Mercury compounds (HgCl2 and CH3HgCl) in polluted coastal waters accumulate in the food chain. When the food is digested in the gut of invertebrates and fish Hg2+ and CH3Hg+ bind to the brush border membrane of the enterocytes facing the lumen of the intestine. It has been shown that under in vivo or in vitro tissue incubation the bound mercury inhibits the absorption of nutrients such as amino acids and sugars. In order to differentiate the membrane effect from intracellular metabolic effects brush border membrane vesicles were prepared and purified. These vesicles showed 6-7-fold enrichment for alkaline phosphatase, leucine aminopeptidase, and maltase-all membrane enzymes that face the lumen. There was little or no enrichment for Na+K+ ATPase considered to be on the basolateral membranes of the enterocyte. The vesicles transported glucose when provided with a Na+ electrochemical gradient. This transport was abolished in the absence of Na+ electrochemical gradient or in the presence of Phlorizin. At 0·1mM glucose, HgCl2 (20 ppm) abolished 90% of this transport and CH3HgCl (20 ppm) abolished 30% of the transport. At 1mM glucose the inhibition values were 70% and 32% respectively. In the case of HgCl2 inhibition of transport is significant even at 5 ppm. These findings confirm that mercury compounds can interact with intestinal brush border membranes to inhibit nutrient absorption in fish feeding in polluted waters.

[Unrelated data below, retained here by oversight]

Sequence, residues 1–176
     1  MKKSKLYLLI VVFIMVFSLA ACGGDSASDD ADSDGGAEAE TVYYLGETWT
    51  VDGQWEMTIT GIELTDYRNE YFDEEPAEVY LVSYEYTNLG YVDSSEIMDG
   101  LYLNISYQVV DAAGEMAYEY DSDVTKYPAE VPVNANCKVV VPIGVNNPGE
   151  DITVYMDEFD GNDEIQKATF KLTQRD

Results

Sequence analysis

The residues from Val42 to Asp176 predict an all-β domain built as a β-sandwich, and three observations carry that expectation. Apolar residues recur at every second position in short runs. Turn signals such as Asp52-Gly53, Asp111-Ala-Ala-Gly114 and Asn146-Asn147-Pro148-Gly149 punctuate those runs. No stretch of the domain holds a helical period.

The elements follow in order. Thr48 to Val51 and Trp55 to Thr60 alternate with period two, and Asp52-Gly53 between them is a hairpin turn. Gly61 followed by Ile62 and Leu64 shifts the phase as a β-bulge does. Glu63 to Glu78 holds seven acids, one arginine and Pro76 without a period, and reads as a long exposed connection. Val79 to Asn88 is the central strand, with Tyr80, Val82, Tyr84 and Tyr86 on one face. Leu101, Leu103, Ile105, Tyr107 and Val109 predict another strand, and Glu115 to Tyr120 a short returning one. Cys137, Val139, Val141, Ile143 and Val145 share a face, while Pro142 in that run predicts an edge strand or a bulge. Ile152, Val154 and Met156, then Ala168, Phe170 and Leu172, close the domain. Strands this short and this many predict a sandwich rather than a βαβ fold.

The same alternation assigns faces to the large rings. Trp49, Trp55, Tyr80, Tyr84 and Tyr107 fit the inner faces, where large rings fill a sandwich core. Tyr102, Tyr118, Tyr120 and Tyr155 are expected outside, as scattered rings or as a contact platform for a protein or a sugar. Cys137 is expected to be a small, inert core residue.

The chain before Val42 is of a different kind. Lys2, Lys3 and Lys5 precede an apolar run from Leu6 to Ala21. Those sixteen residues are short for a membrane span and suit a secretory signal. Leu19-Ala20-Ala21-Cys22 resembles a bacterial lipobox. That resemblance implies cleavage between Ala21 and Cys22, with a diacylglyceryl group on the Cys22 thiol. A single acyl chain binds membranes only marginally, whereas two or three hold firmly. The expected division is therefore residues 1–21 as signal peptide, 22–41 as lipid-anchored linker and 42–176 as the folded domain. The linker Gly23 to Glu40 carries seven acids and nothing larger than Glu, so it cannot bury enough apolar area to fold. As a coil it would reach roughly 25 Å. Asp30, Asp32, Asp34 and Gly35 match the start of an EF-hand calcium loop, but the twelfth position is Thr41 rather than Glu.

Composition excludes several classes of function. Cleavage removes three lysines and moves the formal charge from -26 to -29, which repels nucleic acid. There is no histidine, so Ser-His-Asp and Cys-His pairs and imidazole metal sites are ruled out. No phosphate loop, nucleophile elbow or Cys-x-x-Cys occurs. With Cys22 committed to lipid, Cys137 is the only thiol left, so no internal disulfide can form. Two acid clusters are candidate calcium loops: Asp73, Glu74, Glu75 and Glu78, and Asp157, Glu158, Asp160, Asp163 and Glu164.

ASJC Scopus subject areas
- Aquatic Science